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Danish RGA changes perspective

Wednesday 14 October 2015, by Michael Voss

The RGA defines its task as building a new Left in opposition to Social Democracy and to the right wing. The focus will no longer be appeals to or demands towards Social Democracy, but rather building our own political and organisational alternative and taking on responsibility for building social movements.

For the socialist left in Denmark the relationship to Social Democracy has always been the crux of political tactics. This focus has taken different forms. Some parts of the left worked for an alliance with the social democratic leadership. Other parts of the left expected some improvements from a social democratic government, compared to governments of the traditional right wing parties. Then again others made it a priority to reveal the class treason of the social democrats.

The Fourth International organisation in Denmark tried to implement a united front approach, based on the understanding and definition of Social Democracy as a reformist workers party or a bourgeois workers party.

All these variants of a socialist left approach to the historic big party of the labour movement have been present in Enhedslisten/Red Green Alliance.

Young illusions

In addition to the traditional currents of the socialist left, also known in the rest of Europe, a special current developed in the Red Green Alliance during the 10 years of right-wing government from 2001 to 2011. A layer of young activists came out of the autonomous movement, the different student organisations, the anti-racism movement, the pro-refugee movement, the anti-cuts protests and other anti-government manifestations.

They experienced alliances with social democratic youth leaders, social democratic union leaders and on a few occasions support from social democratic MPs in opposing the right-wing government of that period. They were of a generation that did not study the history of the labour movement and experiences, strategies and tactics of the revolutionary movement very much. Out of this came a romantic view of previous Social Democratic governments and some illusions in what a new Social Democratic government would do or could be convinced to do.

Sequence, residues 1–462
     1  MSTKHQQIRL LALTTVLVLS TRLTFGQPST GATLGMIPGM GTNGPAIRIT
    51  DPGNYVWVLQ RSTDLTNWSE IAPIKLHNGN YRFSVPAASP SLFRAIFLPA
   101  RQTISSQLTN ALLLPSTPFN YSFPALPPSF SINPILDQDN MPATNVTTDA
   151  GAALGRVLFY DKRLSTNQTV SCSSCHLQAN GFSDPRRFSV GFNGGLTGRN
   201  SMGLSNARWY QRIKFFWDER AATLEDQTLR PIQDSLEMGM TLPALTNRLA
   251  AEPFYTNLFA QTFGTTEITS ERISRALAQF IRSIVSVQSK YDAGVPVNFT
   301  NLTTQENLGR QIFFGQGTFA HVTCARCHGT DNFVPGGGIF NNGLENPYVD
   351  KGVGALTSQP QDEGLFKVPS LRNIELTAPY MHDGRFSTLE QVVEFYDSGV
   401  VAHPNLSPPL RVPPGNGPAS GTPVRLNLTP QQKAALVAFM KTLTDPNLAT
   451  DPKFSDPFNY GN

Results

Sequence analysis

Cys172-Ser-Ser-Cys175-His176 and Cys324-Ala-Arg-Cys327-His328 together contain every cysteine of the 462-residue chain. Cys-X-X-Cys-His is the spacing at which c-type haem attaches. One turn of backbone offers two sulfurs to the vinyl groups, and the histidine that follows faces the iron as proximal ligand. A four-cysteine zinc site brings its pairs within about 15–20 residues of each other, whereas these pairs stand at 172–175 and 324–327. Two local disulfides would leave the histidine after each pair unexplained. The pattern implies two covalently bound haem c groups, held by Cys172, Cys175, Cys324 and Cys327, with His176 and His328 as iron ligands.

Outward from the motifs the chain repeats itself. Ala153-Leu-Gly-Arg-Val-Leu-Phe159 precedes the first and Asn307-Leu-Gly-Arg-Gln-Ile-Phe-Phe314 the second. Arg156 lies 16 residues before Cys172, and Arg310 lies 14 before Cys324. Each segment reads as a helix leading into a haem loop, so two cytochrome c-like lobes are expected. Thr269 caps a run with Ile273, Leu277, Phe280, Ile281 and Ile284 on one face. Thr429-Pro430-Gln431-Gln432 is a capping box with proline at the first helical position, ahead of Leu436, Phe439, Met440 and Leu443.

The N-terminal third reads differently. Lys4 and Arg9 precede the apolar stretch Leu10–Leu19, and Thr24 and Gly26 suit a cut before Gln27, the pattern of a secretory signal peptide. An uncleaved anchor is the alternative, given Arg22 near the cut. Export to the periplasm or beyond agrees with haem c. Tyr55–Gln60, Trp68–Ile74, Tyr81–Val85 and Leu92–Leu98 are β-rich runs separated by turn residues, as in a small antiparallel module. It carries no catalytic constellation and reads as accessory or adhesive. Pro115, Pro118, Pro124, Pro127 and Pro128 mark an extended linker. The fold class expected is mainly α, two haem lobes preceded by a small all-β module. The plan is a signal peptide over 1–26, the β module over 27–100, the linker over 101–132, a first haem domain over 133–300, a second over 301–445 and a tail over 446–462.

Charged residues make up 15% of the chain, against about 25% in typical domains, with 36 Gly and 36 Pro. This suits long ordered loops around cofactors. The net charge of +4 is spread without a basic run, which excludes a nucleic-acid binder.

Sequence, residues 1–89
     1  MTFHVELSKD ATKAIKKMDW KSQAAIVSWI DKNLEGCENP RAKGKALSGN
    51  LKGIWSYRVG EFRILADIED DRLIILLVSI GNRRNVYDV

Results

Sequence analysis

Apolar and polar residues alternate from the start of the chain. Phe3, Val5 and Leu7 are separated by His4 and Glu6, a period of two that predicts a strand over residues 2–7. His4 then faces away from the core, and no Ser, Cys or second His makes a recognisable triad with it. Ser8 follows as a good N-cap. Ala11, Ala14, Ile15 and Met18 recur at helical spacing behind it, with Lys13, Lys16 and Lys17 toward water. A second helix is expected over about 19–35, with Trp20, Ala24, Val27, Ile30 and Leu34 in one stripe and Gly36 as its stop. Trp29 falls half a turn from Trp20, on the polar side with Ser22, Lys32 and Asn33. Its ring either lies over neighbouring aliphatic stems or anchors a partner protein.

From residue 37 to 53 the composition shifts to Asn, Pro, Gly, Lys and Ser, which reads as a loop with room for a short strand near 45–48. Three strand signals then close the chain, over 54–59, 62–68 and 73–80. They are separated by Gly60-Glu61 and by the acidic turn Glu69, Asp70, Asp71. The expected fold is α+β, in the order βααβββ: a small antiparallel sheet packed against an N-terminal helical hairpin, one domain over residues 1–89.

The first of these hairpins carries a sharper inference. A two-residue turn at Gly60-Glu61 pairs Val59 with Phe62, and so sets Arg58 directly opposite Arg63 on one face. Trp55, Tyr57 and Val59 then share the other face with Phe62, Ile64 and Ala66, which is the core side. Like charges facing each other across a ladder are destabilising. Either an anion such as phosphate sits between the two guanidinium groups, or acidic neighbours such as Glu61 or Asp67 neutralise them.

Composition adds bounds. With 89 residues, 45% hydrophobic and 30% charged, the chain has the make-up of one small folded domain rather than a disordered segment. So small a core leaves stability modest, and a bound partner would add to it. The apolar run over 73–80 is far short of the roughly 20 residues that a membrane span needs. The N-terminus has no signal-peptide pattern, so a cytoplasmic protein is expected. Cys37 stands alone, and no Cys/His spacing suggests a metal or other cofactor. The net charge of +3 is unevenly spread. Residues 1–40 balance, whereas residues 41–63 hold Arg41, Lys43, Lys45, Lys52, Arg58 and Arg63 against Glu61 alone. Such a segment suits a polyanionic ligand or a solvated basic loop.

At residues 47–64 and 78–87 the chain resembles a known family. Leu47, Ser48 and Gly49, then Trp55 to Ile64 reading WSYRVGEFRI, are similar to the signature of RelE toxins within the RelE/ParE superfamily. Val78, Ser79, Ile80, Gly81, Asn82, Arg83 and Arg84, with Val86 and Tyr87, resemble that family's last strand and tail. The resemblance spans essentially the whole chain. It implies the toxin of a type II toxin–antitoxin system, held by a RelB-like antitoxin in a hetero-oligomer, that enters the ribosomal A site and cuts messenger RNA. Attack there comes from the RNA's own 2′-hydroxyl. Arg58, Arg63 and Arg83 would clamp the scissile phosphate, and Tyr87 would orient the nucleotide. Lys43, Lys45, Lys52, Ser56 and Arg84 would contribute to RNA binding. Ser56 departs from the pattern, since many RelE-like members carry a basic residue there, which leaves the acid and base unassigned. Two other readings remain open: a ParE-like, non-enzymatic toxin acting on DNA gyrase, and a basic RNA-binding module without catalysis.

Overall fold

This generation of RGA-members had an important position in the party in the period preceding the 2011 elections: in the National Leadership, in the – at that time – small parliamentary group, among the party staff in Parliament and in the group of candidates for the 2011 elections.

Hope for change

The focus on Social Democracy and on the importance of a change of government was not without foundation. Though based on an overall neoliberal approach to economic analysis, financial politics, social welfare politics and labour market politics, Social Democracy did actually propose some pro-worker and pro-welfare reforms in their election campaign of 2011.

Illusions in the outcome of a change of government were shared by an important part of the Social Democratic electorate. For the first time in many years union activists campaigned actively for a new government.

This situation inside and outside our party defined the RGA election campaign. The RGA challenged Social Democracy to carry out the best of their own election promises and to use a governmental change to make a real political change. In my view that was a necessary tactic, but already during the election campaign it was obvious that the young generation of the leadership did not only see it as a tactic, but really expected a government that would cooperate with the Red Green Alliance in implementing some progressive reforms – or at least put a halt to neoliberal austerity.

Disappointment

To the voters of Social Democracy, of Socialist People’s Party and a to a big extent of the Red Green Alliance the hard core neoliberal political practice of the new government came as a huge disappointment (See previous articles, most recently “A defeat for austerity policies but no left wing victory”, June 2015).

This was equally true for the generation of young RGA MPs and party employees. For example, when the government broke off negotiations with the RGA on a tax reform and instead made a parliamentary deal with the traditional right wing parties, the very popular public spokesperson of the RGA, Johanne Schmidt-Nielsen, went on national TV in a fit of anger and said that the government “is pissing on their voters” and that from now on no deals on financial politics would be made with the RGA without an exact financial compensation for the negative effects of the tax reform and of other deals with the right wing.